Settlement negotiations began in March. In May of that year the parties moved for the trial court's tentative approval of the proposed settlement and the procedures for notifying the class members. After conducting a hearing on the motion, the trial court filed an order granting it on June 22. A further hearing for final approval was scheduled for August 15.
The parties had already begun filing papers in connection with their joint request for final approval when on August 5 California Bank Consumers Association (CBCA) filed objections to the proposed settlement and moved that it be allowed “to conduct and complete discovery ․ relating to the proposed settlement.” In their separate oppositions, the parties argued that not only were CBCA's objections on the merits groundless, but CBCA had no standing to make those objections because “CBCA will neither benefit from nor be burdened by the settlement.” They attacked CBCA as “a sham organization” which was nothing more than the “personal litigation vehicle” of CBCA General Counsel Donald Ricketts, who was merely “looking to latch on to a case and interpose himself to try to force a new settlement to generate fees.” They submitted a wealth of materials from the Foreclosure Fee and Trustee Sale Guarantee cases to substantiate their claim that Ricketts “is notorious for abusing the class action format for his own personal gain,” that CBCA had failed to demonstrate that it represented any members of the class, and that the objections were only “a thinly veiled attempt to coerce attorney fees.”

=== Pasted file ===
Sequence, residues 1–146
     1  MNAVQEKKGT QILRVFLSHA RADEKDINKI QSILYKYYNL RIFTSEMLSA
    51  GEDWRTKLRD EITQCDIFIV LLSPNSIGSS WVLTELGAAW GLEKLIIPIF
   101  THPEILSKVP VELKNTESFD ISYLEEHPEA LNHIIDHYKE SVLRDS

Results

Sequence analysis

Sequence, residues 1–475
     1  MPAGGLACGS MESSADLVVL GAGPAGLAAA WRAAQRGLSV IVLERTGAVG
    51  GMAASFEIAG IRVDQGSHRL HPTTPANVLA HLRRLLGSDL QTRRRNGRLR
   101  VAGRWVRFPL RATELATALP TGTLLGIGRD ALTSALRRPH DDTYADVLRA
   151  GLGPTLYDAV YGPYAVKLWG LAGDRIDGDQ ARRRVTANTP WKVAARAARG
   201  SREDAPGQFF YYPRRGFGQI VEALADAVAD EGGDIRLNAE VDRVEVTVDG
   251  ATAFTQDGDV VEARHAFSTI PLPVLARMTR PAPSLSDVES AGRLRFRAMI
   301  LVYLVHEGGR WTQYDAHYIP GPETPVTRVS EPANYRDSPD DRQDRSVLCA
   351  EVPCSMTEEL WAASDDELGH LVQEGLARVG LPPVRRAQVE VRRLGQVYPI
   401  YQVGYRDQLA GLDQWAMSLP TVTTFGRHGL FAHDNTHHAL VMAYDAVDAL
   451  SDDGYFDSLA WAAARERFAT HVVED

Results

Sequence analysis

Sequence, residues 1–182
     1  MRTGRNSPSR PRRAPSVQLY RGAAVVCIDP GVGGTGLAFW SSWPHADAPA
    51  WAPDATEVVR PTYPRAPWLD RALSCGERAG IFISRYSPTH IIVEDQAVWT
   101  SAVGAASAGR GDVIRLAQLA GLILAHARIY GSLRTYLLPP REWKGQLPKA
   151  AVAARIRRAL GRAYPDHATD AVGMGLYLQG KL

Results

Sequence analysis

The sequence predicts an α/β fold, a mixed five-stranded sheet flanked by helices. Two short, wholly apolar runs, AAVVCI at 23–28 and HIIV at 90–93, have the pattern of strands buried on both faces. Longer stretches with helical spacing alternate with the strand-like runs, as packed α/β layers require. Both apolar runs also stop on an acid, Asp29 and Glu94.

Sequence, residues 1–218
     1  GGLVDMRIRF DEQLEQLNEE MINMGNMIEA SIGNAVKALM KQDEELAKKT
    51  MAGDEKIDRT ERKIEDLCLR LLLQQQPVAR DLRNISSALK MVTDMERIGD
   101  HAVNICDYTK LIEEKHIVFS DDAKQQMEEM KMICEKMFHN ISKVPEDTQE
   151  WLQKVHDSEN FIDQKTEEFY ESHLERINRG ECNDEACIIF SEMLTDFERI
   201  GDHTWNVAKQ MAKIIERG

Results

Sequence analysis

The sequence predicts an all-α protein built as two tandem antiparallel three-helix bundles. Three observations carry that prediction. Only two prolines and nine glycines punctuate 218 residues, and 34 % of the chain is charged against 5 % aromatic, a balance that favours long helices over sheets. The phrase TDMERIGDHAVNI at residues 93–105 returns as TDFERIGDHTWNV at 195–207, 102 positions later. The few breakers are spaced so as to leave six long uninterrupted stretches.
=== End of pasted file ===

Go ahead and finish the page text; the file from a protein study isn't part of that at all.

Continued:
On August 15 the trial court conducted a brief hearing and granted the parties' motion for final approval of the settlement. After ordering off calendar as moot CBCA's motion for leave to conduct discovery, the court on September 9 entered an order embodying its final approval of the settlement. CBCA filed a timely notice of appeal from both of these orders.
By maintaining their claim that CBCA lacks standing, plaintiffs and defendant beckon us into the realm of one of the murkiest and yet most sensible limitations on judicial action. Courts have neither the resources nor the competence to resolve every controversy a complex society may spawn. The concept of standing is one of the devices courts have developed to ensure that the very limited means at their disposal are not squandered, but instead preserved for those situations where the judicial power is most usefully brought to bear.